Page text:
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post #33 of (permalink) Old 12-24-2009, 09:58 AM Thread Starter
Dusty Boots
Just another ORF!
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Join Date: Dec 2007
Location: Beaverton, Ontario, Canada
Model: 92 1500 Aspencade
Posts: 8,189
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Cousin Jack wrote:
Dusty, your photos are absolutely stunning: how do you get them so sharp, so saturated with color? Do you use a tripod? What's your secret, buddy? Teach me! Teach me! Please?

I just point my little Point N Shoot camera at what interests me and shoot the picture, CJ.

Seriously, we've talked before about what camera I use while touring(you have almost the identical one) and the secret is ..... lighting .... and luck.

My little camera has IS(Image Stabilization) built into it. I don't use a tripod, as it's a bear to use that set-up while riding! Believe me when I tell you that even with that feature,(IS) I have lots of out of focus/blurry shots. I take many shots and am lucky to have a few that come out pretty good. Although I do have a tripod, I very seldom use it and don't bother taking it with me while riding. I will use a tripod for night shots of say, the moon during an eclipse, where any kind of movement is magnified at that extreme zoom and low exposure conditions. You'll notice a lot of my shots are taken from the saddle, while I'm riding, using one hand to get the 'shot', but other times, I let go of the bars with both hands(cruise control set)completely, to properly 'frame the shot' I want. Dave(Winger77) will attest to that fact.

Don't get hung up about how many megapixels it has. Anything over 4-5 megapixels is plenty enough. The more megapixels your camera is, the greater room on your media card it consumes for each shot, meaning you get less pictures on a 2 gig card with a 12 megapixel camera, than a camera with 6. Although my camera is 10 megapixel, I typically shoot with it set at 7. As you can see, at that size, the shots are clear, so anything more that that is really not needed by the average photographer. It's just 'marketing hype'.

Like I say, lighting is KEY! It is so important to convey mood and highlights. Morning and later afternoon are best to get a 'softer' image. When the sun is high, your landscape shots end up with harsh lighting. No 'shadows' to give the shot depth, the colours look 'bleached'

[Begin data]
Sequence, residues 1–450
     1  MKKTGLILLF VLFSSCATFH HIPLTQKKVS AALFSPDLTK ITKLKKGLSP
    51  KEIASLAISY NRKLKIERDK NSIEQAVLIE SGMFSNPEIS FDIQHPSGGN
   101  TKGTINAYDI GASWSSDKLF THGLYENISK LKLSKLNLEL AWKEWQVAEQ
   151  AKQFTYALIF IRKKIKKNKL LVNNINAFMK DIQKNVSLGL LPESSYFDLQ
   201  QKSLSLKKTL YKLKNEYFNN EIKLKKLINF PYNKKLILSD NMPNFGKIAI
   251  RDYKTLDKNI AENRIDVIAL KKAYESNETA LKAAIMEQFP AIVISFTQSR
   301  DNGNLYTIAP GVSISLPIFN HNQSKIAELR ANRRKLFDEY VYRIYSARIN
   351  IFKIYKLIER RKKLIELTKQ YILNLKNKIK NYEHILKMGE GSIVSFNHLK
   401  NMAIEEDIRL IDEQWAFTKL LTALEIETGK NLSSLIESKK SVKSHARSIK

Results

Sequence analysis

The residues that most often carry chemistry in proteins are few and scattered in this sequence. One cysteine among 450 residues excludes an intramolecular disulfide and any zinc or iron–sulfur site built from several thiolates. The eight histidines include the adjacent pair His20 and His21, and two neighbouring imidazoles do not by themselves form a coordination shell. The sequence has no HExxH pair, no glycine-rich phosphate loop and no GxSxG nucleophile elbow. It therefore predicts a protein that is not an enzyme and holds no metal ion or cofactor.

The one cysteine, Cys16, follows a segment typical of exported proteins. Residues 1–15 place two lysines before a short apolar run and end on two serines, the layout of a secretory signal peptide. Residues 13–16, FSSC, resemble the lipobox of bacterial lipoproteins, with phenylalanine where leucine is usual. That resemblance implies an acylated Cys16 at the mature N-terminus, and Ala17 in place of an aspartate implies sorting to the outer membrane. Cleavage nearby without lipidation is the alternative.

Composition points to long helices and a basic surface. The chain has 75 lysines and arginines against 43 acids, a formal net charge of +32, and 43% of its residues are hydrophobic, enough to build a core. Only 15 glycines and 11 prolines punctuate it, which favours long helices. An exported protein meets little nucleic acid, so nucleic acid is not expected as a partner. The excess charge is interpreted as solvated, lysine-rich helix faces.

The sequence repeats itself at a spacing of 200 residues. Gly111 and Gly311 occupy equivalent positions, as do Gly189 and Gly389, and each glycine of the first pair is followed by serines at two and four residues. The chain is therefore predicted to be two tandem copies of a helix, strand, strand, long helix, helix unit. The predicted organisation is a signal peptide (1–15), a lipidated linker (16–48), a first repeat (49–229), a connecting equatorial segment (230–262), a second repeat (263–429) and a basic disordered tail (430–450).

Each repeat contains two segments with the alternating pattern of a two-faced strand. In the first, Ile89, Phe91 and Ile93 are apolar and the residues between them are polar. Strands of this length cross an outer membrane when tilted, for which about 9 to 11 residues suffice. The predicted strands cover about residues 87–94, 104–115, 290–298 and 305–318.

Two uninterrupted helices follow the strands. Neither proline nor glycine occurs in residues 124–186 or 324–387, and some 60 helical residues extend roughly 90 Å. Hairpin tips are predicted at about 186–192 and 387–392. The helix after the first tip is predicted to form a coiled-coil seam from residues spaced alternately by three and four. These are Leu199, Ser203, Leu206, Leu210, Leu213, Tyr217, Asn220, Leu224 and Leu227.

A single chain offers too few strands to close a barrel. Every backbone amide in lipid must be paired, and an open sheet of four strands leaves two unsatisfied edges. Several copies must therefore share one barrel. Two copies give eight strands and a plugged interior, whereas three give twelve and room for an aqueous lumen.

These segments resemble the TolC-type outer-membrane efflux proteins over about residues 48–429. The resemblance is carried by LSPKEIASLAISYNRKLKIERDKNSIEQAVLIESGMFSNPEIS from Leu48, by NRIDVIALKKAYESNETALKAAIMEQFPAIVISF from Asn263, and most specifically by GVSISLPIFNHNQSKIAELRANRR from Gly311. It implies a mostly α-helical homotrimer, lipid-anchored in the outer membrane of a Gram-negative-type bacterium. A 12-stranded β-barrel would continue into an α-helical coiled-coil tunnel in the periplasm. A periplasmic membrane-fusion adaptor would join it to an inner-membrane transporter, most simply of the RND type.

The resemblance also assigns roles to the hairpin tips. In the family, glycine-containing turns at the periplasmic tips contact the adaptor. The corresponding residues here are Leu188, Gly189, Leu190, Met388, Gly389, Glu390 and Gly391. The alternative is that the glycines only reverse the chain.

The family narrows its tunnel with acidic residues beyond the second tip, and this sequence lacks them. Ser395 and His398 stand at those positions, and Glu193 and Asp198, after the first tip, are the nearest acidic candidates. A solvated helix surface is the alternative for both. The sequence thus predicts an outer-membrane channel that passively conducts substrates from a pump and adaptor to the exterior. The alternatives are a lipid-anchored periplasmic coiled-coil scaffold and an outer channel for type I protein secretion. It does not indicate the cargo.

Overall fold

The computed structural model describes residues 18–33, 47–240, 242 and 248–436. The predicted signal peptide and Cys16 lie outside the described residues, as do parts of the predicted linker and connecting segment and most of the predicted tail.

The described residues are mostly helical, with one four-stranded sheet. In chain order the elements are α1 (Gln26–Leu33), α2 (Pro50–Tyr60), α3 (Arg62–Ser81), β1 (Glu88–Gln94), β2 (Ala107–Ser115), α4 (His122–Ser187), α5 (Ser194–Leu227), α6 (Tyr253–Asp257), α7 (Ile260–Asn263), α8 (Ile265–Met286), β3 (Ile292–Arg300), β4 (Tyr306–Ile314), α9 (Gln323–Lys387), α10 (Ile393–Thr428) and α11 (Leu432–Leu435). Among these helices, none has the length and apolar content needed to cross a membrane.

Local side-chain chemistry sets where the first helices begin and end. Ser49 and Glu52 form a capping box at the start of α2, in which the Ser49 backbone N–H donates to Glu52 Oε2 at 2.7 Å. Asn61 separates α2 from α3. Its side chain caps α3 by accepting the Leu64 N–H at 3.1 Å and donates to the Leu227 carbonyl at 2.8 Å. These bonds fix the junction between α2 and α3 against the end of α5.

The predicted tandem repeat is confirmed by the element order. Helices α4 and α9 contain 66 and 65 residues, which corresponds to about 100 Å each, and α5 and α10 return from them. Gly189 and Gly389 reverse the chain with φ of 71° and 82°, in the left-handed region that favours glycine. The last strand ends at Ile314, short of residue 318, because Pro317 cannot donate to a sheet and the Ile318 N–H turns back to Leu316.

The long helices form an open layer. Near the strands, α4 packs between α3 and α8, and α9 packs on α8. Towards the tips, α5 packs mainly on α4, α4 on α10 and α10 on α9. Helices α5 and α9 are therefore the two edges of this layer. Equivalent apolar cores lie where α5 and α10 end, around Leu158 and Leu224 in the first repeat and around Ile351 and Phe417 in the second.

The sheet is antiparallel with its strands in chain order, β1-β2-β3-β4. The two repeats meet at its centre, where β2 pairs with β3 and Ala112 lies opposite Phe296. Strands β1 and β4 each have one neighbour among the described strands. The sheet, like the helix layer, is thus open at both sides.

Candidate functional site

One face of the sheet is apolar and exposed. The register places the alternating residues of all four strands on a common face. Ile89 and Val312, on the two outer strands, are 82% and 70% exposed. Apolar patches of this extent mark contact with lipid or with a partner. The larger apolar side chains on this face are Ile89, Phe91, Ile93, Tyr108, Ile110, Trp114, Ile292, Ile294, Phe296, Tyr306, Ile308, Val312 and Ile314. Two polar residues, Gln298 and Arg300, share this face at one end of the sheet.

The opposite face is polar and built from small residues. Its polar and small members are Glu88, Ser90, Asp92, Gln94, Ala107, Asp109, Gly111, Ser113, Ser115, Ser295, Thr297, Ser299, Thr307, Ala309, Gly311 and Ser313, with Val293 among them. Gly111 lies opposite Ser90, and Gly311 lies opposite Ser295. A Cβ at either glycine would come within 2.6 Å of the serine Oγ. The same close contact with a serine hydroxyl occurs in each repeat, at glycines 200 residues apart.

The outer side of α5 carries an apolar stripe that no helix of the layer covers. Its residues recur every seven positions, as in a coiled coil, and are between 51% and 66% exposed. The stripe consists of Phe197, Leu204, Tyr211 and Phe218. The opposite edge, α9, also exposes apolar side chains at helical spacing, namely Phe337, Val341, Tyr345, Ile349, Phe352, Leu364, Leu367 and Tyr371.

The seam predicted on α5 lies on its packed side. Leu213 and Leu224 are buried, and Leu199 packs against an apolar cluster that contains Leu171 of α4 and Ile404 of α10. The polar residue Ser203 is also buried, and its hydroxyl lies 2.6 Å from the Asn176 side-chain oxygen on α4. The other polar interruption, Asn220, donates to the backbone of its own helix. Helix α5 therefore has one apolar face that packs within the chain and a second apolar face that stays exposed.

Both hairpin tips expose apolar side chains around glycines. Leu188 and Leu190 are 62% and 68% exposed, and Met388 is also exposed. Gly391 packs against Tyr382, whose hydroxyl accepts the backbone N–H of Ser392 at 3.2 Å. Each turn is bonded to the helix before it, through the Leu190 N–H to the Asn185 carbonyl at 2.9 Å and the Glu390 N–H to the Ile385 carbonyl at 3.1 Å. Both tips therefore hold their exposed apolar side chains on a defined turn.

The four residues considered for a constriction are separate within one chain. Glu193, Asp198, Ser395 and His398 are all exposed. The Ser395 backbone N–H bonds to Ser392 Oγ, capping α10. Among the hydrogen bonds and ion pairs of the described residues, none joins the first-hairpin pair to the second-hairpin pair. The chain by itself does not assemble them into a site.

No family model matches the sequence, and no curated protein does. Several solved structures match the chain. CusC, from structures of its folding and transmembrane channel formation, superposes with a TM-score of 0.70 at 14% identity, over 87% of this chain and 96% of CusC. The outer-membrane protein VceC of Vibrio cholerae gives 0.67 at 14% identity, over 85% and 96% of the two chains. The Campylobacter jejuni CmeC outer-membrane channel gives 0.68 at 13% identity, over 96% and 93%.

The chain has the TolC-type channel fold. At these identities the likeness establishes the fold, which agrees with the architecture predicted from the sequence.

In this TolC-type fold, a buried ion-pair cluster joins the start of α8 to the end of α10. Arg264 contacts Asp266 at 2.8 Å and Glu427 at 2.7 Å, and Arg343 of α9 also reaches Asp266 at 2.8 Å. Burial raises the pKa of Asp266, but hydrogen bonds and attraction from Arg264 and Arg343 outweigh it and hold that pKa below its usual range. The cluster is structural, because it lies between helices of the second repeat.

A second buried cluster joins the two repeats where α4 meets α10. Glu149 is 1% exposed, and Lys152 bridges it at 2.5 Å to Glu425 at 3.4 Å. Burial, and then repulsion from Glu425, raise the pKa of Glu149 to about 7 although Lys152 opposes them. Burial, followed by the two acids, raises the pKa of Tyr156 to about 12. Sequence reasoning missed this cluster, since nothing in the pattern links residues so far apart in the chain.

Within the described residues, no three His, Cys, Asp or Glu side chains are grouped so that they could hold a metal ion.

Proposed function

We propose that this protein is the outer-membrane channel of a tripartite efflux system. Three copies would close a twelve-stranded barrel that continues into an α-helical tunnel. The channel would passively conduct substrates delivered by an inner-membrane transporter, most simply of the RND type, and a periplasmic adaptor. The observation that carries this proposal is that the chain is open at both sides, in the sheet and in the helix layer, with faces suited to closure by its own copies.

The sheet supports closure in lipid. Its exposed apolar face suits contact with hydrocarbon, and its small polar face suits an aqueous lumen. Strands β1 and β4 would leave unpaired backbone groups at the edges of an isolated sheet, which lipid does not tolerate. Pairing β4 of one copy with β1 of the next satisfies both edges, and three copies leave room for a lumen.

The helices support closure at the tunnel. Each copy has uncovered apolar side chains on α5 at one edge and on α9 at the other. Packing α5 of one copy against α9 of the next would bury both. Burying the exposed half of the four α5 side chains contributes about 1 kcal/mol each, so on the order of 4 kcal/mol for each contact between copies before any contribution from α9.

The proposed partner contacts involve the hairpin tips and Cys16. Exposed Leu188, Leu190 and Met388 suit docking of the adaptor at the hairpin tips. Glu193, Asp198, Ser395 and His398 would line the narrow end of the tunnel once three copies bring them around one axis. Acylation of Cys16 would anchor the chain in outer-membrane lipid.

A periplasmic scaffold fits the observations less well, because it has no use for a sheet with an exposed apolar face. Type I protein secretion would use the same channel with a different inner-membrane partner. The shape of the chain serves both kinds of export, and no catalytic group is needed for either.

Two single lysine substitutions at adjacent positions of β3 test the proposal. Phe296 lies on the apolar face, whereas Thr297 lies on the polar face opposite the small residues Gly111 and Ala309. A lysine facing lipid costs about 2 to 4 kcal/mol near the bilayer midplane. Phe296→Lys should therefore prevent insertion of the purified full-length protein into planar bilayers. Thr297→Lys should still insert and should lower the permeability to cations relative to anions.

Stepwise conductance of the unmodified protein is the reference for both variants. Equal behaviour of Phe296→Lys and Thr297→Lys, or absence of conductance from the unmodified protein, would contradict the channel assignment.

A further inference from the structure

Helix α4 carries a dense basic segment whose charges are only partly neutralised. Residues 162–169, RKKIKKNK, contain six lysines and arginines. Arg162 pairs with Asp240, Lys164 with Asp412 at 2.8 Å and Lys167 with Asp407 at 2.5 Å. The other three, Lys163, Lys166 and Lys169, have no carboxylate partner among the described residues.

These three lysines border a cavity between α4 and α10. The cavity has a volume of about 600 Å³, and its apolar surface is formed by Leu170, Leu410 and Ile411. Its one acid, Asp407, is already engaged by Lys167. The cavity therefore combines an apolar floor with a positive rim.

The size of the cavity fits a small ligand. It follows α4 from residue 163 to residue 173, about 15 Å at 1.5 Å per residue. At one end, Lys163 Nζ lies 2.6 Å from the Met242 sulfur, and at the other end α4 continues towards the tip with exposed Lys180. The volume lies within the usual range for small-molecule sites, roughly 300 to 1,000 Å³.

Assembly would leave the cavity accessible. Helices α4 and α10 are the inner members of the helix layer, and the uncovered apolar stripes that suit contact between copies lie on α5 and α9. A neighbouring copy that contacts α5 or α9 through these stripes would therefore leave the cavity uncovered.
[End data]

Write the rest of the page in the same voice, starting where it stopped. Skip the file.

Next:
Another important feature I look for in a camera, is it's optical zoom(not to be confused with digital zoom) capabilities, for 'cropping' a scene/shot. Getting a camera with a high optical zoom, really requires IS to help keep the image blur free/focusedAlso, play around with some of the settings on the camera and check out the subtle and not so subtledifferences it makes.

Different exposure levels. Use lower(-) exposure settings on a bright/midday shot. Under lower light conditions, use more(+) exposure. Take multiple shots of the same subject, using different exposure settings and you'll soon learn what setting is right for the kind of shot you want to achieve. I guess in short what I'm trying to say about your camera, what ever type/level it is ... is get to 'know' your camera. Read the manual and experiment with it. The digitals are not like the old film cameras, where it was expensive and time consuming to do this with. With today's cameras, it's almost instant gratification and the 'learning cure' is not quite as steep in the old days.

When shopping for a new camera, read up about the camera that you think you'd like. There are online digital camera review sites and they describe the potential camera's strengths and weaknesses. Do your research and learn it's settings once you purchase it and that will pay off with better shots. I had a Nikon Coolpix Point N Shoot once that did great macro shots, but it's low power optical zoom left much to be desired, As soon as you hit the zoom, it's focus was terrible, so I ended up selling it to someone that understood it's weakness and wanted it mainly for it's macro capabilities and depth of field.

I ended up buying a nice Canon, but alas it was too big/bulky to extract it easily from it's case and my tank bag while riding. One thing I learned about cameras while backpacking is,if it is not easy to get out, it won't be coming out often and therefore not many pictures will be taken. Ease of access/use isa high priority, which is why I ended up with my little Panasonic Lumix DMC-LZ10. It's not an expensive camera by any means, but it does a pretty good job.

If you are interested in seeing some more of my shots, look up my profile and check out my Flickr link. I have put a few of myshots in there

Cheers, Dusty

1992 1500 Aspencade - 213,178 showing on the clock

- just another Rider
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